Pyriproxyfen is toxic to a broad spectrum of insects during their developmental stages. Research on the dengue vector, Aedes aegypti, shows that contaminated adults can render oviposition sites unproductive by horizontal dissemination of pyriproxyfen even at small concentrations [24–26]. A study performed by Itoh et al  showed pyriproxyfen had a larger impact on fecundity when females were exposed to pyriproxyfen before blood feeding. Inversely, pyriproxyfen's effect on egg-hatching [24, 27, 28] and adult emergence [24, 28] seems to be higher when females have blood fed before being exposed to treatment.
In the present study, the effect of pyriproxyfen was studied on OP-resistant Cx quinquefasciatus females that survived a 30-minute exposition to cement-treated surfaces. Cement surfaces were chosen because, being the most porous, they were the only ones that left enough females alive to follow their offspring. Females were exposed to treated surfaces about 36 hours before blood feeding, a timing that would favour a reduction in fecundity over fertility and adult emergence. This is in fact the observation made. For the first nine months, a reduction in fecundity was observed at both doses. A reduction in adult emergence was observed also for nine months but only at the higher dose. An effect on fertility was only observed after treatment and not after nine months. In a recent Phase I evaluation on adult Anopheles stephensi females exposed to pyriproxyfen 2% one day after blood feeding, results were the opposite. A reduction in fertility in treatment groups compared to control, whereas fecundity was also reduced but differences failed to be significant . The potential application of horizontal dissemination in malaria vector control needs to be studied . Could the pyriproxyfen that was picked up by females that have survived a prolonged contact with painted walls be then transferred to the oviposition sites of malaria vectors? A project is in progress on different surfaces and blood feeding timing.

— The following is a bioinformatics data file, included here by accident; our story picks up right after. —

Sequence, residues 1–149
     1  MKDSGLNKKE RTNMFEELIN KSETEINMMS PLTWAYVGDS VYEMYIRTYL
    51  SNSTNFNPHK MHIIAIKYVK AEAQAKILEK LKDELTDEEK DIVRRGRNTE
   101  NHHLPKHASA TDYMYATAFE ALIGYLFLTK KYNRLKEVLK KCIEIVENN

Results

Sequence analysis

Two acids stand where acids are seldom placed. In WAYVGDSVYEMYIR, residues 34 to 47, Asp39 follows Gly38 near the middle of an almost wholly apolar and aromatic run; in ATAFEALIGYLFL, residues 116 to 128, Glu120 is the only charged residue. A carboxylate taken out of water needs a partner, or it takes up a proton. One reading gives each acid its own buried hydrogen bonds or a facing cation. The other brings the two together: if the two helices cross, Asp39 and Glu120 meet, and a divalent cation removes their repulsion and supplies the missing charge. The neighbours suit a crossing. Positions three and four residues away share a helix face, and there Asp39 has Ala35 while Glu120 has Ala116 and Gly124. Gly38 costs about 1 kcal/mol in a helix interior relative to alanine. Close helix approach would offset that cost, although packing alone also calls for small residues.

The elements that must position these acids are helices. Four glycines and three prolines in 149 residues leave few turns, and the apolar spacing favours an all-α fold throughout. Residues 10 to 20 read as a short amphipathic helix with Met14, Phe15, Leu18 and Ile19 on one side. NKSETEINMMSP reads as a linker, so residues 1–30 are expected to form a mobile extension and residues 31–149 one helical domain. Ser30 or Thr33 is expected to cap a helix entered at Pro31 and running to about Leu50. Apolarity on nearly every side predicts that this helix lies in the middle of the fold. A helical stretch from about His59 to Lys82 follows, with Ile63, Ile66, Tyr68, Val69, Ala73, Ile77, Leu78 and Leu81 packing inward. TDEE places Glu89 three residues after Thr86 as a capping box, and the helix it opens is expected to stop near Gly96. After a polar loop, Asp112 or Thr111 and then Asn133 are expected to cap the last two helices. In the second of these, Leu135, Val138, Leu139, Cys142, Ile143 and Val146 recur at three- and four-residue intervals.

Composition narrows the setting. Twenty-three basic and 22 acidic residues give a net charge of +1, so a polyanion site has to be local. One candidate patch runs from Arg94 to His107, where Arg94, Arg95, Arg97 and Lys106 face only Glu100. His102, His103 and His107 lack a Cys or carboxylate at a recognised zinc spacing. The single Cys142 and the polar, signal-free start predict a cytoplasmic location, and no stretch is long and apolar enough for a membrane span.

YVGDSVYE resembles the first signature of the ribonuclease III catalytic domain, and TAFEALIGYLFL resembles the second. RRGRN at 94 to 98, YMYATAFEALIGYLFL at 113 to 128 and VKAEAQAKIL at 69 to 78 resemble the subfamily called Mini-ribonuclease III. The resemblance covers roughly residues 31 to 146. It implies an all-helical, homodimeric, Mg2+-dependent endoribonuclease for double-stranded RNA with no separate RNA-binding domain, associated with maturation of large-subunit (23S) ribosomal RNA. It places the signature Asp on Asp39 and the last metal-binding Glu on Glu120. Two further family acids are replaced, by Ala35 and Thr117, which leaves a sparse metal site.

Results on non-porous surfaces are satisfying. There is a need to look for ways to deal with the porosity of surfaces like cement. Possible options may include two layers of paint, as discussed above, applying a coating resin, or even natural oil sealers first. The way surfaces are made also makes a difference: cement surfaces can be made less porous depending on the proportion of substances used. Hardwood is more porous than softwood. What would seem clear is that solutions need to be "user-friendly" and appealing in keeping with one of the paint's operational advantages.
There may be a reason to be optimistic about the potential that the insecticide paint may have as an additional tool in malaria and pest control: 1) High long-term killing rates against OP-resistant mosquitoes, 2) IGR's effect on fecundity, fertility and adult emergence and, 3) operational advantages: users can apply the paint themselves and take responsibility for their home improvement.